Geographically speaking, President’s Island is actually a peninsula. Once upon a time, however, it was an island — the largest one on the Mississippi’s 2500-mile course — and it has endured a journey from untamed wilderness to the bustling industrial park it is today.
The 7,500-are island has been part of Tennessee since it became a state in 1796. Just 3.5 miles south of Downtown Memphis, it was a remote wilderness until the spring of 1865 when, at the end of the Civil War, the Freedmen’s Bureau, which was created by Congress to help former slaves, established a camp on the island.
“More than 1,500 refugees were quartered there,” according to Robert Talley in a 1947 Commercial Appeal article. “The men farming and working in sawmills and the women being taught to cook and sew, until they were gradually absorbed into other communities.”
Shipping and manufacturing boomed at President's Island in the 1970s.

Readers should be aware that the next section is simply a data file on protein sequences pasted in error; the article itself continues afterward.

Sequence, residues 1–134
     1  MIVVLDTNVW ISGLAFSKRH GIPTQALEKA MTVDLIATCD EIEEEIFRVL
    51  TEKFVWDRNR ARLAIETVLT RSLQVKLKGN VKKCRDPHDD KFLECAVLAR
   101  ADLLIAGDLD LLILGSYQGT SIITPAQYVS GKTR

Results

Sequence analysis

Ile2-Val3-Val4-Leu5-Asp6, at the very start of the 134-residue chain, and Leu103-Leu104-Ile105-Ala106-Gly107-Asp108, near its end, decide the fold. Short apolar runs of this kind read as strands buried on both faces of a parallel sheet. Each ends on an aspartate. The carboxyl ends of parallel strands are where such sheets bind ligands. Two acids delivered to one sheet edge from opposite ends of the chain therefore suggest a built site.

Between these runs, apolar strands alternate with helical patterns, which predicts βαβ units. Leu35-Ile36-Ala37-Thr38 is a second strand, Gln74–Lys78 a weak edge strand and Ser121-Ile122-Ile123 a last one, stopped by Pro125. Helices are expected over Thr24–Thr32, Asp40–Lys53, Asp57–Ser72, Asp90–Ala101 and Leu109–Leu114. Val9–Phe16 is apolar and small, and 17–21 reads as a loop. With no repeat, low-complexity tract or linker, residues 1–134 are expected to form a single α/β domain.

Just 10 years after hosting freed slaves, President’s Island’s activities shifted to activity that was eerily similar to that experienced by the freed slaves before Emancipation. Starting in 1875, Nathan Bedford Forrest leased 1,300 acres and operated a farm there in an effort to recover the fortune he lost in the Civil War and in unprofitable railroad investments.
According to a Forrest biographer Jack Hurst, Forrest “contracted with Shelby County for the use of some of its jail inmates in farming operations employing slave-style labor.”
The workforce for the island farming operation included 117 prisoners, most of whom were African-American. Forrest himself died in 1877 from dysentery from questionable water from the Island.